Filius Blue pepper
Garden of Eatin', Vegetables

A Wee Little Pepper Called Filius Blue

It probably sounds ridiculous to those of you swaddled in snow in other parts of the country right now, to know that also right now, my most prolific harvest from the garden are these darling chile peppers called Filius Blue.

It’s February, Punxsutawney Phil is telling us six more weeks of winter, but apparently California missed the memo. (Not that Phil’s ever been right, anyway; according to NPR, the poor fella’s only had 39 percent accuracy since he started his forecasting career in 1887.)

Filius Blue pepper plant in bloom

Filius Blue heirloom pepper

With our own weather lingering in the 70s and 80s all winter, these little peppers have been flowering and fruiting like gangbusters. Every other week I bring in another handful of deceptively tiny peppers that are so potent, a little goes a long way. That means I’ve been inundated with peppers all season long and keeping a bowl in the kitchen where I dump them all, ready for drying.

Filius Blue is an heirloom chile originating from Mexico. It’s a compact plant, growing no more than 2 feet tall with blue-tinged foliage and delicate white flowers, and because of that it makes a beautiful container plant.

Compact pepper plant

Blossoms on pepper plant

Filius Blue flowers

The peppers are very ornamental, starting out as a deep bluish-purple and maturing into an orangey-red. When young, the peppers have a lot of heat, measuring 40,000 to 58,000 units on the Scoville scale. (In comparison, a serrano pepper measures 10,000 to 23,000 Scoville units.) But as they ripen into flame red fruit, they become surprisingly milder in flavor (though they still have quite a kick).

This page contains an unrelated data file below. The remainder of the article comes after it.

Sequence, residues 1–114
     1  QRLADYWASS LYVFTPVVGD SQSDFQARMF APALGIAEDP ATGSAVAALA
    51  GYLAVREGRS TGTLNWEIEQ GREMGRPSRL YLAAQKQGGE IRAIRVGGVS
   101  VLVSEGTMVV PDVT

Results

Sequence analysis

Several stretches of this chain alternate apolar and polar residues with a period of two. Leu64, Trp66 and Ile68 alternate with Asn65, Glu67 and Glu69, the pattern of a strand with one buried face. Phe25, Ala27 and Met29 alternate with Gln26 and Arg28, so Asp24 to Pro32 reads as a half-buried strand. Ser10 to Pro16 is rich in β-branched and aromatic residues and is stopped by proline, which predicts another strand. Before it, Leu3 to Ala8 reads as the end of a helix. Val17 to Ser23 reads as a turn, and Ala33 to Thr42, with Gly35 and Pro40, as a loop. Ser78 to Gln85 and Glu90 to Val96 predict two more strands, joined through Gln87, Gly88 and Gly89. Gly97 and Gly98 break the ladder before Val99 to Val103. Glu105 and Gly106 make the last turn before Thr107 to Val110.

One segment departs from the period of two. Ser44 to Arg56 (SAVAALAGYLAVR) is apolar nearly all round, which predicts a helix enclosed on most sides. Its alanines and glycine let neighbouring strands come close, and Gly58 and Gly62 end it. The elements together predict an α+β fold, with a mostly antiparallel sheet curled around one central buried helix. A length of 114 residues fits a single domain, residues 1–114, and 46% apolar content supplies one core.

Filius Blue peppers

Filius Blue chile pepper

Filius Blue pepper maturing into red fruit

Blue and red peppers

Mature red pepper

My plants are entering their second year and doing well, even adapting to this weird weather when I thought I’d for sure lose them during an early December cold spell. I keep them right outside my kitchen door in 10- and 12-inch pots, and they haven’t grown more than a foot tall. But they produce more peppers than I’ll ever need and seem to tolerate our occasional coastal fog and nighttime lows in the 50s. I’m a little afraid of what these plants will look like once we start getting more sun in the summer!

Container pepper plants

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